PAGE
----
As a former community organizer that has worked with plenty of people caught up in the criminal justice system, I rarely see prison as a solution to society’s problems.  I also do not believe that a structuring conviction or a murder conviction will ever bring Trayvon Martin back to his parents.  But I have also never seen a man facing a murder rap be able to raise thousands of dollars because of that murder rap and yet be treated with kid gloves for the way he managed those thousands of dollars.   

Regardless of what happens with George Zimmerman’s murder case, if he and his wife are never charged with financial crimes, then this whole saga truly does prove that the justice system works differently for different people.

Don’t forget to check out our show every Wednesday at 7pm EST.

Wednesday, February 20, 2013

A private prison CEO names a college stadium+Harlem Shakes + a Secret History of Coca (Cola & Caine)





1. A Private Prison company gets naming rights to Florida Atlantic University's Football Stadium.

Will a GEO Football Stadium make way for a Halliburton Stadium or a Blackwater Stadium?  That is one of the questions our guests will answer as we talk about the recent news the one of the largest (and most notorious) private prison corporations in the world, the GEO Group will get to name Florida Atlantic University's sports stadium after donating $6 million dollars to the school. GEO group, which runs the Broward Transitional Center, a local immigrant detention center, is often accused of a litany of missteps, abuses and corner-cutting. The school's president has called the GEO group deal "wonderful" and called the company "well run."  Tonight, we will talk to experts on private prisons, including former immigrant detainees at GEO facilities about how "wonderful" they think the GEO group and the idea to let them name a sports stadium are.  We talk about it tonight with Bob Libal (Grassroots Leadership), Shamir Ali (Students Working for Equal Rights), Luis Cardona, Gaby Aleksinko (FAU student leader), Viridiana Martinez (National Immigrant Youth Alliance) & others.  For info about related events, check here.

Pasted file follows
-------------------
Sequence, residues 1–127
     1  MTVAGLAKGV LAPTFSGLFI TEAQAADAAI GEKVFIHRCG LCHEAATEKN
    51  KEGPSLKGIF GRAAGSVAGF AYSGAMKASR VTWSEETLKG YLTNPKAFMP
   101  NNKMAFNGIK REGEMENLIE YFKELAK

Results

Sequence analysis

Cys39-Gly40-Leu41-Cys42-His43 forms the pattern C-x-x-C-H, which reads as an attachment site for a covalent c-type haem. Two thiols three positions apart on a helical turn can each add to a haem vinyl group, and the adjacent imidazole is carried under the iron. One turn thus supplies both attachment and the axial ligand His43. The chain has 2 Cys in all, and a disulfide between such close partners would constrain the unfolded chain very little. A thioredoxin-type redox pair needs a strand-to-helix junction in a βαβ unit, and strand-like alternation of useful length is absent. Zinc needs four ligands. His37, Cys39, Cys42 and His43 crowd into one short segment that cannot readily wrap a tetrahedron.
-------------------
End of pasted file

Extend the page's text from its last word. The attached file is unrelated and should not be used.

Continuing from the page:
2.  Is the new Harlem Shake making Harlem shake its head?

About the biggest dance/meme in the world right now is the "Harlem Shake" meme (see below) with over a hundred million views.  That's enough to make Psy from Gangam Style and the dudes from #KONY2012 form a strategic new alliance.  But does the Harlem Shake have anything to do with Harlem, NY or the original "Harlem Shake" (see below)?  Should it? Let's talk about it with Channing Kennedy (Colorlines Magazine), Frsh Aire (Triboro) & Priest Forever (Hip Hop Culture Center of Harlem).

3.  The Secret History of Coca (Cola & Caine)...and Coffee

You may know Ricardo Cortes from his groundbreaking work on the adult children's book "Go The F*** To Sleep" or "It's Just a Plant."  But he just put out an new illustrated book called "A Secret History of Coffee, Coca & Cola" that is quickly raising just as many eyebrows.  Tune in to easily one of our most informative interviews ever.

Original Harlem Shake
The "New" Harlem Shake Meme

Wednesday, February 13, 2013

An ex-cop unravels+chivalry vs. feminism+when 1 billion rise

1.  An ex-cop (and the reputation of the LAPD) unravel